I’m thinking a lot about music these days. The other day I discovered that if I have to spend hours wading through spreadsheets, then I can deal with it a lot better if I do it while listening to classic 80s pop. I hate spreadsheets.
There was a time when music meant a lot more to me than it does now. The songs I cherished the most were the ones I found I could relate to. They made what I was feeling more real. It meant that I wasn’t just some emotional nut job full of feelings. Someone else had been there before. That was a mistake. Because it also meant that I would twist my emotions or the situation around until they could relate to something. Maybe I didn’t believe that on my own I was real or valid enough. My experience would follow theirs. If I didn’t, I had to make it follow theirs.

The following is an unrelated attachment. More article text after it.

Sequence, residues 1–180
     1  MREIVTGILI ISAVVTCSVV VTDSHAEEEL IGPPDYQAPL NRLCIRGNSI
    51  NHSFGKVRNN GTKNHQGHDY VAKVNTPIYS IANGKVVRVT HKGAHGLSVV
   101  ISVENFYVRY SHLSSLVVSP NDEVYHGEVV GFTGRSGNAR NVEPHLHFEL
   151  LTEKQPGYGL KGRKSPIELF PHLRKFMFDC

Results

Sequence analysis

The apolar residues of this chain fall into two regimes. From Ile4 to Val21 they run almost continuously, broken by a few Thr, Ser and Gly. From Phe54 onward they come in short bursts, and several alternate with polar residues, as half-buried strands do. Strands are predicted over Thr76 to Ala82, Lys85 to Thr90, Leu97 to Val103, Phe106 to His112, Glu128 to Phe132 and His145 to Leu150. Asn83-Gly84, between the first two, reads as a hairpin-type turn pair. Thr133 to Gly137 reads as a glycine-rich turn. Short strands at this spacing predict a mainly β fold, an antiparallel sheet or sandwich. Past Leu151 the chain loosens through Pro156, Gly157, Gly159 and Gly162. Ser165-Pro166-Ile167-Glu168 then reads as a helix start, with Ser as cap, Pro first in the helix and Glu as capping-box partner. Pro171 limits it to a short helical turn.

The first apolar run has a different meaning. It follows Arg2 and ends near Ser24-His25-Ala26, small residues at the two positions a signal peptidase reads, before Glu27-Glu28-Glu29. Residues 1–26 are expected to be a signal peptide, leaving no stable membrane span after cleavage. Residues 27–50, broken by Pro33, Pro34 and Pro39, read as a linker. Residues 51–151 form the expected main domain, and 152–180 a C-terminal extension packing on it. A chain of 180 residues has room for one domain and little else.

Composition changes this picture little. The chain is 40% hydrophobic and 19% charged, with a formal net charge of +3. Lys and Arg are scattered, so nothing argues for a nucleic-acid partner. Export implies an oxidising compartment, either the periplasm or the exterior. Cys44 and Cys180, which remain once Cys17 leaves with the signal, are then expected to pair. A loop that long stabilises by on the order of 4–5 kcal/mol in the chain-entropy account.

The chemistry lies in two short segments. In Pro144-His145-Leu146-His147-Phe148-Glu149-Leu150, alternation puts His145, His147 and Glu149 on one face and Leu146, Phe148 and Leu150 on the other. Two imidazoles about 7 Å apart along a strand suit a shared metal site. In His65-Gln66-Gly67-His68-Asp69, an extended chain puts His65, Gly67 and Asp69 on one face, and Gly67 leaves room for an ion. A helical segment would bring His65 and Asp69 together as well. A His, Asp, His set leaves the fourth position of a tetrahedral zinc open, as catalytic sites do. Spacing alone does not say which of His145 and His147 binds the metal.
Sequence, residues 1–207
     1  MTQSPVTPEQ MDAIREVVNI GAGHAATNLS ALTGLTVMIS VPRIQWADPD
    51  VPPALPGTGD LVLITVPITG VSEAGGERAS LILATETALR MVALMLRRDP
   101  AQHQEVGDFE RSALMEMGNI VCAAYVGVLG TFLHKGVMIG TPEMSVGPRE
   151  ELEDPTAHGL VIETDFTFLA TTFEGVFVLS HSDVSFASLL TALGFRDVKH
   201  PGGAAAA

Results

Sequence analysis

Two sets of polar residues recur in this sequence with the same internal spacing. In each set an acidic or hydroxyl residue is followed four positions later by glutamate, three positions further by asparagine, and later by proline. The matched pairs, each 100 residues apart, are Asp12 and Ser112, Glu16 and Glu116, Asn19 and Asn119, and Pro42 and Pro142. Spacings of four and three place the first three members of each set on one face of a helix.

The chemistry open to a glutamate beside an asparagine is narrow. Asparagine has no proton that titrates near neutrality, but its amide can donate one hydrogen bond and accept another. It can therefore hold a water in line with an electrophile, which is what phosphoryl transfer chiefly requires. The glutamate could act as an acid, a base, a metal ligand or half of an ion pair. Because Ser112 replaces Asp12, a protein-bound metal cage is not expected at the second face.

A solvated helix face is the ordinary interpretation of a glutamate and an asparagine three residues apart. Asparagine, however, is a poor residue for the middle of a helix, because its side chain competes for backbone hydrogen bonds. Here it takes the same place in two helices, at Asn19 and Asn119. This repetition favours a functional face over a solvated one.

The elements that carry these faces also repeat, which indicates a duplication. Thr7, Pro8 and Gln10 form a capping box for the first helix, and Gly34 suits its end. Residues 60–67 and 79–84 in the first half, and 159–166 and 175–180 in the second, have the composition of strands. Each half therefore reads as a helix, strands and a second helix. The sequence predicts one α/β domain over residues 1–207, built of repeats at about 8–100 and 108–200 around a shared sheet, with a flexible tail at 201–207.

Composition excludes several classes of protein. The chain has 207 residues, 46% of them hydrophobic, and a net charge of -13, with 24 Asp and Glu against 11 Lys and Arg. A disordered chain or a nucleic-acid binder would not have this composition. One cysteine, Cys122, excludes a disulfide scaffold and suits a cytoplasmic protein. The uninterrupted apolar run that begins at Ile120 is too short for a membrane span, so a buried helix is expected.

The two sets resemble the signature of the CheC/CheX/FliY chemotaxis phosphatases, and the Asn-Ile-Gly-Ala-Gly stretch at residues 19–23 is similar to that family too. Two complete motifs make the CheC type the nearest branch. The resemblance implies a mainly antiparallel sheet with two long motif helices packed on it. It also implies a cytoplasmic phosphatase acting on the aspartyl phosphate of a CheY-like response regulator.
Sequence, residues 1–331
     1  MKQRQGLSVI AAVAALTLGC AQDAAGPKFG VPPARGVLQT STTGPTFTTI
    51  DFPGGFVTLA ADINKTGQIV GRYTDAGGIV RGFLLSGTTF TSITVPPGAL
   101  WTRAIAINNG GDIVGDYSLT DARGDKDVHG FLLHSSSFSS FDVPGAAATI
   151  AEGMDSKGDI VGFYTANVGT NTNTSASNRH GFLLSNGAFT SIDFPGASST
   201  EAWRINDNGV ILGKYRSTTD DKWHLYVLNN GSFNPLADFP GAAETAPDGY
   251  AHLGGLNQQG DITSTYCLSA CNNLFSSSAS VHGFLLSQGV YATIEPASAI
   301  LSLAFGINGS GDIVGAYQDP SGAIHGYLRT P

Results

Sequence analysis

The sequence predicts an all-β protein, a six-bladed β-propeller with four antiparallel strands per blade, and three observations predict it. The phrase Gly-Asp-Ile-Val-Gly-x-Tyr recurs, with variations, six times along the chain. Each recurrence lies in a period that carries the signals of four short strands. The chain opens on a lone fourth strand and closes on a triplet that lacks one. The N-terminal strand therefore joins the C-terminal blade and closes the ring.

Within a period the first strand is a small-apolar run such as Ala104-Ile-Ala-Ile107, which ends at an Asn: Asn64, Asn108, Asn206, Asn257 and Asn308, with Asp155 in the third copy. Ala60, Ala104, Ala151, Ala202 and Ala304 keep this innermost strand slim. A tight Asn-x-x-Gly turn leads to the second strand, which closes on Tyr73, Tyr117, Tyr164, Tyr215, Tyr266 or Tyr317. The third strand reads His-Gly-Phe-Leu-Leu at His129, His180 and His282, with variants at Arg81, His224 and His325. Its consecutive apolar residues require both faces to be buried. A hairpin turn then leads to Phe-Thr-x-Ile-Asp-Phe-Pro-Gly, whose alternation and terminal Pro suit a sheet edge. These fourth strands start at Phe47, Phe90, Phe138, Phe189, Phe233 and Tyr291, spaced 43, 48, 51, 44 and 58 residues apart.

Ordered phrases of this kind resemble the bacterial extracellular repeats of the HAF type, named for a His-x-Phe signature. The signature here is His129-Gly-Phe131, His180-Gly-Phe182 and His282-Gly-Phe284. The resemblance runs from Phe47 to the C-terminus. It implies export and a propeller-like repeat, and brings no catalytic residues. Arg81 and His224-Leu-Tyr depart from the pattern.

The problem with locking yourself into someone else’s story is that you lose sight of your own. You misread, misinterpret other people. It look me far too long to realise that.
There’s nothing wrong with finding a song that you can relate to. But it is wrong to take it for more than just a tune. It’s wrong to not try to move forward to the next song. Songs don’t offer solutions. They dwell. Total Eclipse of the Heart doesn’t end with Bonnie Tyler realising that this is destructive relationship that will never make her happy. 9 to 5 is about complaining and hoping for better times, not quitting the job your hate, starting your own business or vamping up your CV and moving on.
So pick two songs.
Pick the one that expresses where you are now.
Then pick the one that expresses where you want to be.
Then decide what you need to do to get from Song No. 1 to Song No. 2.
Or roll them both into one. But unless you have magical ice powers, you still need the plan.